Creationism

Taking the perennial creation debate beyond those familiar evangelicals and fundamentalists

Taking the perennial creation debate beyond those familiar evangelicals and fundamentalists

U.S. evangelicals and fundamentalists have vigorously debated when to date the origin of planet Earth and of the human species, whether God as Creator employed Darwin-type evolution and, more recently, whether the Bible requires belief in a literal Adam and Eve.

Reporters should be acquainted with Ken Ham’s strict “young earth”  creationists, Hugh Ross’s “old earth” creationists, pro-evolution evangelicals at BioLogos (founded by Francis Collins, an evangelical and world-class geneticist), the Intelligent Design researchers at the Discovery Institute and discussions within the American Scientific Affiliation, an organization of Bible-believing  professionals in science.

Though conservative Protestants have dominated news coverage, there’s a good  story angle in other religious groups that likewise struggle over evolution. In recent weeks, both Islam and The Church of Jesus Christ of Latter-day Saints (a.k.a. LDS or Mormon) have won some media attention on themes other writers could explore in further depth.

Islam’s creation account in the Koran parallels the longer version in the Jewish and Christian Bible. On scriptural grounds, Muslim authorities insist on a literal Adam and Eve (the latter is unnamed in the Koran but cited in recognized Hadith texts).

More broadly, “The Oxford Dictionary of Islam,” edited by Georgetown University expert John Esposito, states that evolution “is denounced by most Muslim scholars” as “a refutation of Koranic theories of creation.” Evolutionary ideas are excluded from school textbooks in nations like Pakistan, Saudi Arabia, and Sudan. However, a recent beliefnet.com column by Stephanie Hertzenberg sketches a more complicated, three-sided debate.  

First, many Muslims do believe any form of evolution is incompatible with their faith, a la Protestant creationists. Hertzenberg notes that in such traditional  interpretations of the Quran, Adam “had no parents and was a fully formed human being” when created, and other species also stem from the “sudden creation of complete modern organisms” without evolution. A prominent exponent of this stance is Turkish neurosurgeon Oktar Babuna, who has taught at three U.S. universities.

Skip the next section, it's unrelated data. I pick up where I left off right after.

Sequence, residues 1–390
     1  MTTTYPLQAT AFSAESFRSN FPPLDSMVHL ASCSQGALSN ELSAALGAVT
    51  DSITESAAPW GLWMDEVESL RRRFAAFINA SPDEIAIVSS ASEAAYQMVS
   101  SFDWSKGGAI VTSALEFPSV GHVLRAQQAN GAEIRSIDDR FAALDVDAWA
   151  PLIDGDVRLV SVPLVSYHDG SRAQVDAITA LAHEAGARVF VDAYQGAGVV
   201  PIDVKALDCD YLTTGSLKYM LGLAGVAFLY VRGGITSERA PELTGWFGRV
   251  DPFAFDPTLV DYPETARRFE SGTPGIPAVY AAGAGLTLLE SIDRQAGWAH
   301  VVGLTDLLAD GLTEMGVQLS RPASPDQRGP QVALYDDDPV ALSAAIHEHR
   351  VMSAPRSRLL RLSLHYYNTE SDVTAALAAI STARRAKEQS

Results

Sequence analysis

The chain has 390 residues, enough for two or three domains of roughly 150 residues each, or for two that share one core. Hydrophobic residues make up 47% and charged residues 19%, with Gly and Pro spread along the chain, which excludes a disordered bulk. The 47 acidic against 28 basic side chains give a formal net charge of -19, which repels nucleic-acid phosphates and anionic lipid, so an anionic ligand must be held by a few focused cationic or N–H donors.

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Evolution and Islam: Turkey's hot back-to-school story and (let's work it in) the specter of jihad

Evolution and Islam: Turkey's hot back-to-school story and (let's work it in) the specter of jihad

Broach the question of teaching evolution versus "creationism" in U.S. public schools, and you’re probably talking about the debate fueled by biblical literalists of varying stripes. There are also debates that include a variety of scientists who embrace most elements of evolution, but deny that scientists have proven the process is random and without meaning. Remember that famous 1996 statement by Pope John Paul II?

Now, did you know that the same argument convulses Islam, including Sunni Muslim Turkey, where it's the year’s marquee back-to-school story?

Notice that in relation to Turkey I said “argument” not “debate.”

That’s because the increasingly Islamist and authoritarian government of Turkish President Recep Tayyip Erdogan has settled the matter by decree. The debate, such as it was, is over. As Mel Brooks famously proclaimed, “It’s good to be the king." Or wannabe neo-Ottoman sultan, in Erdogan’s case.

In short, Turkey has eliminated the teaching of evolution from primary and high school curricula.

Need to get up to speed on this one? Then read or listen to this piece from NPR. Or you can save a few minutes and just read this excerpt from the NPR script.

At a news conference last month, Turkey's education minister announced that new textbooks will be introduced in all primary and secondary schools, starting with grades 1, 5 and 9 this fall, and the rest next year. They will stop teaching evolution in grade 9, when it's usually taught.
"Evolutionary biology is best left to be taught at the university level," Education Minister Ismet Yilmaz told reporters. "It's a theory that requires a higher philosophical understanding than schoolchildren have."

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Why is America crazy? That Atlantic cover story has the answer -- it's that old-time religion